[Crossposted at A Man with a PhD]
Apple’s iTunes Remote application for the iPhone has not been updated in over 8 months because the software was written by just one person, and he is currently busy with other projects, according to a new report which describes Apple as “a huge startup.”
Here is how he describes the way Apple runs things:
Apple doesn’t build large teams to work on every product they make. Instead, they hire very few, but very intelligent people who can work on different projects and move around as needed.
One day you might be working on the Remote app, and the next day you might get pulled on to another project that needs your help.
The engineers on the Mac OS and iOS teams move back and forth between the two projects based on release cycles and what needs to ship next.
That is how we worked at Immunex – whatever was on fire got the bucket brigade approach. we all worked on multiple projects at the same time, allowing us to drop something that was going slow and pick up on something that needed more attention.Once we had gotten our role done, we handed it off to the next member of the bucket brigade and picked up another project.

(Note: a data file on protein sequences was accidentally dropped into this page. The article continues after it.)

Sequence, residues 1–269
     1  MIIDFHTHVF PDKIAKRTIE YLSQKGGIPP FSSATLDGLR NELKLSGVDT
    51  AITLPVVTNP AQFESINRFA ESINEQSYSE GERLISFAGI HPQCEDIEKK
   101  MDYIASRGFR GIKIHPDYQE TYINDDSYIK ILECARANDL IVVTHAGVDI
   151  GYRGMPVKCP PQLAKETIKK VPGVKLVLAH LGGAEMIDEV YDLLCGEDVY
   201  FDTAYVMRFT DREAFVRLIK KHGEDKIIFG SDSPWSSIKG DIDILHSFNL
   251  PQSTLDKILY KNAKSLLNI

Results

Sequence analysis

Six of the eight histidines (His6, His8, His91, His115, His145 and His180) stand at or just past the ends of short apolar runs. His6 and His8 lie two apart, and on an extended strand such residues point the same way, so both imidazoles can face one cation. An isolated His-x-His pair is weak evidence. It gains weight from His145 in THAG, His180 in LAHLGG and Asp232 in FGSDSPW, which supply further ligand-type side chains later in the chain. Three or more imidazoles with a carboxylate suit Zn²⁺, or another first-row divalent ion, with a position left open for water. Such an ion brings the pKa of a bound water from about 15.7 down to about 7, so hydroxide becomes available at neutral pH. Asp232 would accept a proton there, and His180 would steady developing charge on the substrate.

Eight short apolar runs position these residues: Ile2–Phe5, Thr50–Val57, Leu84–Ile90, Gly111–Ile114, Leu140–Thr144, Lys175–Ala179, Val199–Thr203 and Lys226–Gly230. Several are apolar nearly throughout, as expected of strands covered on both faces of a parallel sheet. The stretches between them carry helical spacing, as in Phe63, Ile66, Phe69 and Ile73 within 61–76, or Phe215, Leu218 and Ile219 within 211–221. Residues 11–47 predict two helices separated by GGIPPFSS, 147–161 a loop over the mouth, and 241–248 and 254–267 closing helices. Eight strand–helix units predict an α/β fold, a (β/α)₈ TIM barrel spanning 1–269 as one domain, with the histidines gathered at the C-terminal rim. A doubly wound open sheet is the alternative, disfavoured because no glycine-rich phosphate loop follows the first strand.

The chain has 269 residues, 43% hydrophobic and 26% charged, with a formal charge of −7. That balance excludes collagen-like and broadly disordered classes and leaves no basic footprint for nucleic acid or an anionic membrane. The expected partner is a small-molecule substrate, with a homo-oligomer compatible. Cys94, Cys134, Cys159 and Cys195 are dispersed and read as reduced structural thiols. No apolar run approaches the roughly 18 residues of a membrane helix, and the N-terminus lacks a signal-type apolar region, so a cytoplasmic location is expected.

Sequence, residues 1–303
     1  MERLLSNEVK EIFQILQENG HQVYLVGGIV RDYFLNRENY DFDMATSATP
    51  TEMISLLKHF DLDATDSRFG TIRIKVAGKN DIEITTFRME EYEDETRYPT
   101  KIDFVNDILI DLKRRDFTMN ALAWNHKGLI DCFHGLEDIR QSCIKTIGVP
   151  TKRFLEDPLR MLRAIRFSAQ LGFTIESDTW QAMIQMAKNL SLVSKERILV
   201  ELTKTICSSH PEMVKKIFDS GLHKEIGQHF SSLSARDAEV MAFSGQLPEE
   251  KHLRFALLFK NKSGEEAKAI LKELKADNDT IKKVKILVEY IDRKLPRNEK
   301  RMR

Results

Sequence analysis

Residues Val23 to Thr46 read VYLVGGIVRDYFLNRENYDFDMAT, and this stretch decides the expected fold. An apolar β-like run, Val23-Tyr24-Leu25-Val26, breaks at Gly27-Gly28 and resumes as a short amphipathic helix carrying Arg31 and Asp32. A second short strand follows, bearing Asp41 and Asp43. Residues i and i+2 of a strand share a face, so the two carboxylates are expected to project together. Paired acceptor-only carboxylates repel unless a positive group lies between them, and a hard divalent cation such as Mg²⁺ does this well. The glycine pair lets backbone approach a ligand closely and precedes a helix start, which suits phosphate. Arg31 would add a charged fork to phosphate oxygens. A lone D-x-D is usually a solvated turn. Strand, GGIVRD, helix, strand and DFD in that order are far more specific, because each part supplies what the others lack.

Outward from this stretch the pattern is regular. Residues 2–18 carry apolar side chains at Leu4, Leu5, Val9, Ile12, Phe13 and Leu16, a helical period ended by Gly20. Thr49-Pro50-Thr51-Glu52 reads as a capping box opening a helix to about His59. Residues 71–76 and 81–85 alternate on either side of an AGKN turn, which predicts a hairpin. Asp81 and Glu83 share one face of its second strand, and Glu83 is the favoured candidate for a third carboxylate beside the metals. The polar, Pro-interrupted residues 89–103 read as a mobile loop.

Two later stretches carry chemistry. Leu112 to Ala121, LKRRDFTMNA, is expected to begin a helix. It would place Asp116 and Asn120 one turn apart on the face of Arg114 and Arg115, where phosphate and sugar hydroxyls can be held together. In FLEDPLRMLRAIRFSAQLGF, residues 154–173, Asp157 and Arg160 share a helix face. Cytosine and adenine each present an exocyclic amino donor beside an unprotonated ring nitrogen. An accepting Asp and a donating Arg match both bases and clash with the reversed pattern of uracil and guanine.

In order to make this work well, there needs to be constant vetting of the progression by everyone involved. Any bumps in the road can be smoothed over if more eyes are on the prize.
Thus everyone feels a part of a successful project, even if they had a little part. Immunex’s great drug was Enbrel. I had a very small part working on that molecule quire early. While only peripheral to the amazing work done by others, I felt every bit as proud of its success.
Plus this approach keeps smart people interested and helps prevent empire building, which can be a real detriment to the rapid actions a small team needs to make.
Any company basing its success on the creativity of its employees needs to have a management style closer to Apple’s or Immunex’s.